Sunday, April 29, 2012

eBook Review: Citizen of the Galaxy

Robert A. Heinlein, Citizen of the Galaxy

Product Details from Baen's Books

Published 6/12/1987
SKU: 9781416505525
Ebook Price: $6.00 
    1. Short review: 

    2. Long review:
    2.1. What I liked:  Robert Heinlein's masterly writing. Hemingway, Steinbeck, Clavell, and Heinlein were the best writers of the 20th century.
    Roller-coaster or walk-in-the-park? Both and both are equally engrossing.
    This book gives outstanding value for your money. It was first published in 1957 as a Serial in Astounding. Later that year, Scribner published the hardback and marketed it as a juvenile (with a first edition cover that really, really sucked).

    2.2. What I did not like:  Does not apply.

    2.3. Who I think is the audience:  SF fans. YA, especially boys.

    2.4. Is the book appropriate for children to read?  Yes.

    2.5. On the basis of reading this book, will I buy the author's next book?  Yes.

    2.6. Other:  I'm not going to tell you about Citizen of the Galaxy, except to say that the Baen's Books version contains a number of other Heinlein works; six novels for six bucks on your choice of platform. No better book deal exists.

    I'm going to tell you about Robert A. Heinlein.

    I love to read Heinlein. His work is easy to read. I read a number of books concurrently (15 books and 1 magazine right now), so I constantly have opportunities to compare writers' work. Heinlein always stands above the others.

    I recall one day I came across comments about Heinlein in IO9. Two young morons calling the Grandmaster a racist 'cause they had read Heinlein's Farnham's Freehold and decided that the book cast blacks in an unfavorable light. I was furious. I have not read IO9 since. I will not read any blog that perpetrates slander against a great man.

    Let me ask you something.

    Have you read Heinlein's Tunnel in the Sky? Word is that Heinlein wrote Tunnel in the Sky as an answer to Lord of the Flies. It was published in 1955, when segregation was still the law in many states. The hero of the book, Rod Walker, was black. Heinlein's publisher wanted to change Walker's race to white -- times being what they were -- but Heinlein threatened to withdraw the book. The editor carefully expunged all references to Walker's race, but there remain clues in the book. Robert James says there is a letter -- likely Heinlein's letter to his editor -- in which Heinlein explicitly stated that Walker was black. And Virginia Heinlein always said that Walker was black.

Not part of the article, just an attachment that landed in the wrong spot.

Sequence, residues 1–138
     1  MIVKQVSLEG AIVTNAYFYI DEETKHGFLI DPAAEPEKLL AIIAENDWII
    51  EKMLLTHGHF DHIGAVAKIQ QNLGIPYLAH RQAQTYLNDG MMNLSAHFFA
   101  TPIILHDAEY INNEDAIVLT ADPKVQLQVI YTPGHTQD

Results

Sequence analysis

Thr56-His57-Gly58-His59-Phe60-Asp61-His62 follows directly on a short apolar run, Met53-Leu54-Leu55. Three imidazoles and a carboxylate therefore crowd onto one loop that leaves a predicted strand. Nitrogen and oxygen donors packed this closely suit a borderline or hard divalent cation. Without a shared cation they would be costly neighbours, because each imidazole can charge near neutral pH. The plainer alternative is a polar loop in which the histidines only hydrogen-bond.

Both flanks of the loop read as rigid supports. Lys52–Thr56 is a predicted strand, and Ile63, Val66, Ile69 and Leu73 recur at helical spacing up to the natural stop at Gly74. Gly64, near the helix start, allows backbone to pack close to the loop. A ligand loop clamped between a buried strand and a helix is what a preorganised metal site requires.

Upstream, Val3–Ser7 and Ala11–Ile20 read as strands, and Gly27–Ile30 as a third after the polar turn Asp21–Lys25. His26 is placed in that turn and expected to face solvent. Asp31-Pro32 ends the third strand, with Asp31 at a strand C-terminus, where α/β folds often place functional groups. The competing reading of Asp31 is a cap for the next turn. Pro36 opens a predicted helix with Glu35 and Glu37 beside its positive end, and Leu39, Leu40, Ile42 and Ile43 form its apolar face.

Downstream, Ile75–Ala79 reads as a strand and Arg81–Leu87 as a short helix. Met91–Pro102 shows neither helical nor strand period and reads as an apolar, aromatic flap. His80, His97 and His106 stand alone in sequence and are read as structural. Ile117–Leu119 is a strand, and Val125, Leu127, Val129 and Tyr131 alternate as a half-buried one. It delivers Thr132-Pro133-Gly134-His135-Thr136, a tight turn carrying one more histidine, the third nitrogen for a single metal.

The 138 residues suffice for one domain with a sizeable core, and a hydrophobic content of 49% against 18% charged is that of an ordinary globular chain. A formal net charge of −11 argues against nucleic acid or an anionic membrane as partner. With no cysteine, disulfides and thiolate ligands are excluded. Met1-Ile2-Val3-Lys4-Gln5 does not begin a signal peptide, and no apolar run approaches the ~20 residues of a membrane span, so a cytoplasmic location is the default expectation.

Have you read Heinlein's Starship Troopers? I don't mean the terrible movie they made of it with the whitebread Johnny Rico. I mean the book. Juan Rico, aka Johnny, is Filipino. Definitely. Beyond question.

    The two morons who spread defamation on IO9 are racists. They judge people by different standards based on race. 'Thou shalt not write a book that holds evil may live in the hearts of black people, lest we spit upon thee and call thee nasty names. But, yeah, verily, thou mayest write the same of white people for the Lord knows their fathers have committed iniquities for which they shall pay even unto the seventh generation. Excepting those who mouth our righteous platitudes, of course.'

    Heinlein was a man. He judged men as The Reverend Dr Martin Luther King, Jr, judged:  by the content of their character. Heinlein saw in all men flights of angels and mutterings of demons. He knew some would win the struggle and others would lose.

    And he knew that race made no difference.

    Do yourself the biggest favor you will do this year:  buy this book.

    2.7. Links:  The Heinlein Society

    2.8. Buy the book:  Citizen of the Galaxy

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